OnePlus Bullets Wireless Z - Battery life: 9.5/10
This department is clearly its piece de resistance. The OnePlus Bullets Wireless Z claims a battery life of 20 hours, and it delivers on the promise. In fact it does a tad better under a standard usage scenario. After using the earphones for approximately three hours daily, they lasted just over a week, thus clocking in excess of 21 hours of total play time before I had to charge them again. The volume level was around 70 percent during the course of my testing. I have only seen the PTron Zap (Review) do better (24 hours) among the wireless neckbands I have tested till date.
These are excellent numbers, and if those weren’t good enough, OnePlus also provides you with an option of charging this device for just 10 minutes to get 10 hours of play time. When I did so, I managed to get close to 12 hours out of it. You would too, if you use a Warp/Dash/VOOC fast charger that you get with OnePlus or most Oppo/Realme smartphones. That is another step towards perfection. In case you don’t have a Type-C charger at home, the necessary cable is bundled in the package.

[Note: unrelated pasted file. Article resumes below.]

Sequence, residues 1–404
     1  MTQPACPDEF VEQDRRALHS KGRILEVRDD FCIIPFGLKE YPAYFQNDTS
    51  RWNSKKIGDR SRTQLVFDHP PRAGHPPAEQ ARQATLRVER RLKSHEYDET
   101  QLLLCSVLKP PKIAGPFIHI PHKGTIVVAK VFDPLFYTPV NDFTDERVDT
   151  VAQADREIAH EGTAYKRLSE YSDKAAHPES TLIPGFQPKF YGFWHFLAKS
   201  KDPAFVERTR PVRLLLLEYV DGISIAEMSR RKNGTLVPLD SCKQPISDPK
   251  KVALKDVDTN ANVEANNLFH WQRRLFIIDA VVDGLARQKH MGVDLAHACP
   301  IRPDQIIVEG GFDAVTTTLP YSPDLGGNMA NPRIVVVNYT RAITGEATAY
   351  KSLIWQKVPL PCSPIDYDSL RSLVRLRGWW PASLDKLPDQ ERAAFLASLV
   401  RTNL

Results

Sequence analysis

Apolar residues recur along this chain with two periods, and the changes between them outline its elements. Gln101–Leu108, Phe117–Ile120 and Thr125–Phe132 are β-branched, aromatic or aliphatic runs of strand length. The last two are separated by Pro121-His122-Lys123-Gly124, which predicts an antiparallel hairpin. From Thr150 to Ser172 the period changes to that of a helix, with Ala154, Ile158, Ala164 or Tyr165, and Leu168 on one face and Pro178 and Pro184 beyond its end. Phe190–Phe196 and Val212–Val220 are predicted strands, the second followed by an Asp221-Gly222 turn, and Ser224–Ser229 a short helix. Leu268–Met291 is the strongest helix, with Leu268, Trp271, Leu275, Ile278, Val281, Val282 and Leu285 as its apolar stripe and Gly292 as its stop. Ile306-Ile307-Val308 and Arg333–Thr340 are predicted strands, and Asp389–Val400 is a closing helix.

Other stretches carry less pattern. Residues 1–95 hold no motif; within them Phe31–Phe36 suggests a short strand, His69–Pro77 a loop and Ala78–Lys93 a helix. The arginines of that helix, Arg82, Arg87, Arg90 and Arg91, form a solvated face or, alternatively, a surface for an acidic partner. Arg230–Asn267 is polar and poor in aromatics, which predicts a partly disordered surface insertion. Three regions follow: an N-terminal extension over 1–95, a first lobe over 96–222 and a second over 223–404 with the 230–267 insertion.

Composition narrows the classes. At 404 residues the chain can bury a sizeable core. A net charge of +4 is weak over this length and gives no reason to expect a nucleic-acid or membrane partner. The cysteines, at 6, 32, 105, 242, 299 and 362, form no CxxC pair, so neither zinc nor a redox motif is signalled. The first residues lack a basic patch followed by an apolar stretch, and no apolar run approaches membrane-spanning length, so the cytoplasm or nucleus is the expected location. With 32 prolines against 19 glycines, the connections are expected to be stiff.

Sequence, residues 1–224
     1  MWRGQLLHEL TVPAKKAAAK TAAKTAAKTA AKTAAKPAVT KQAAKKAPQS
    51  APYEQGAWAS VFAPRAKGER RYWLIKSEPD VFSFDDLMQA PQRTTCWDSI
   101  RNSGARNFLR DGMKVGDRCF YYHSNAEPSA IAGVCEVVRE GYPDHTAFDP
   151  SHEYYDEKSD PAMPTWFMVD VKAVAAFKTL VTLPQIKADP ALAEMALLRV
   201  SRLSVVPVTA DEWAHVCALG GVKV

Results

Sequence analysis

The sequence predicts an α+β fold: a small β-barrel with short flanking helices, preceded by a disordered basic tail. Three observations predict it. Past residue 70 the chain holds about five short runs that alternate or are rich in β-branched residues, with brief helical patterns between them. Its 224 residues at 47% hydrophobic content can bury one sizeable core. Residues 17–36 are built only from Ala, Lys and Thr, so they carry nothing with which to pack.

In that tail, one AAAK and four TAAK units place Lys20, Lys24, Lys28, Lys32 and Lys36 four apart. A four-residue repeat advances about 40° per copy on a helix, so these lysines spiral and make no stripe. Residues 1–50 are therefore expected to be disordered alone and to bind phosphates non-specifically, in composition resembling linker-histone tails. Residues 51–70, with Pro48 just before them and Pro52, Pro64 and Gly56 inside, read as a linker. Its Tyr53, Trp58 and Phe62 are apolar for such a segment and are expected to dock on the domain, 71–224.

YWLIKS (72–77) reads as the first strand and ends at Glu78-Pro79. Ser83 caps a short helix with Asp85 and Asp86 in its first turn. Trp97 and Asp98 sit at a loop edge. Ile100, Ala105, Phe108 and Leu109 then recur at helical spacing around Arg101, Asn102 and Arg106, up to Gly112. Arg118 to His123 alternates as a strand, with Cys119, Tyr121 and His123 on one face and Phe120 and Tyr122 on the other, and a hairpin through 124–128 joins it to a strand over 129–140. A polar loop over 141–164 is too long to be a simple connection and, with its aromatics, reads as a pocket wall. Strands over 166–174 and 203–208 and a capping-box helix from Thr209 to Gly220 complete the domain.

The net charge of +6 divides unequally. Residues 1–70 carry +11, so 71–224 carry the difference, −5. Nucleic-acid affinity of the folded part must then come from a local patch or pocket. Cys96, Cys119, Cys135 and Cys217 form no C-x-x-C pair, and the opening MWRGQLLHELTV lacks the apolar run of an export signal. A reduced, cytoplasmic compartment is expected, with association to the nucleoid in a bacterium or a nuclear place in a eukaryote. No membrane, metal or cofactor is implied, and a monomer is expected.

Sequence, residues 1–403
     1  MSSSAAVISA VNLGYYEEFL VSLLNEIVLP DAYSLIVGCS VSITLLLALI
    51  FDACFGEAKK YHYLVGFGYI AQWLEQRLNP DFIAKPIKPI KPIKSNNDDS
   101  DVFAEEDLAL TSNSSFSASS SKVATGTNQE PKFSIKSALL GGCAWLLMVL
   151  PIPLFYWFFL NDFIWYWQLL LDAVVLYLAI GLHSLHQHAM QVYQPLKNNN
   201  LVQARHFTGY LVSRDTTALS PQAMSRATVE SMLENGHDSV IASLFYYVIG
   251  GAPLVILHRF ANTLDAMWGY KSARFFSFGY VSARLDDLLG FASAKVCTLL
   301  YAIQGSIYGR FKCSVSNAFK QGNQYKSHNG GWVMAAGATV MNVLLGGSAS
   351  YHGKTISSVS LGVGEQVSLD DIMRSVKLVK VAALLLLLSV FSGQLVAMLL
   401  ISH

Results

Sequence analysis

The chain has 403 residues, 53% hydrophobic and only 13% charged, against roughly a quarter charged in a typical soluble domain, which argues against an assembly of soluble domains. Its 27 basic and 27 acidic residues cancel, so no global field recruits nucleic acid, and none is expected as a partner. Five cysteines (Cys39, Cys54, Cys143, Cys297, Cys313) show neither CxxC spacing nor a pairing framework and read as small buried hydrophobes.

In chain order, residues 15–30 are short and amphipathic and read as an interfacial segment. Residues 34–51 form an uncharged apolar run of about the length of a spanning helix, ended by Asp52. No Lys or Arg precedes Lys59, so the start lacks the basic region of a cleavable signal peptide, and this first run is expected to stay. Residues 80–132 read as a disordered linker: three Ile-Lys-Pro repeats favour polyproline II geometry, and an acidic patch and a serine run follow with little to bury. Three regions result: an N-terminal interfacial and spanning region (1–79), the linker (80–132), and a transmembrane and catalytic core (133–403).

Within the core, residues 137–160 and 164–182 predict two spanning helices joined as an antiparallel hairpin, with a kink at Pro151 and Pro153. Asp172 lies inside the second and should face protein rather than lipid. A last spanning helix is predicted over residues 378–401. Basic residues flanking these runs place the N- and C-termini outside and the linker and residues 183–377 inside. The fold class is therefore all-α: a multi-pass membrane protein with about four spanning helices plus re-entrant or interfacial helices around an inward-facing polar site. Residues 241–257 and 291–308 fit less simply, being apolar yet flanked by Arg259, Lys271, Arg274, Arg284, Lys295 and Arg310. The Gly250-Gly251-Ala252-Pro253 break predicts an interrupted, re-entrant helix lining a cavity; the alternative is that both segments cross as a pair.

OnePlus Bullets Wireless Z: Price and verdict
The OnePlus Bullets Wireless Z is priced at Rs 1,999 with a one year warranty and can be purchased on the company’s website, as well as on Amazon India or Flipkart. Is it worth buying? If you have used other OnePlus Wireless earphones in the past, it would be best to avoid the Z. However, for its selling price, it is not a bad pair at all. Yes, it could have been better in my opinion, but sound is a subjective matter. If you like extra bass in your audio, you may love these earphones. If you like a more balanced sound, then you may not. In that case, you should strongly consider the Oppo Enco M31 (review coming shortly) that sells for the same price. However, if long battery life is a key parameter, then you simply cannot go wrong with the OnePlus Bullets Wireless Z.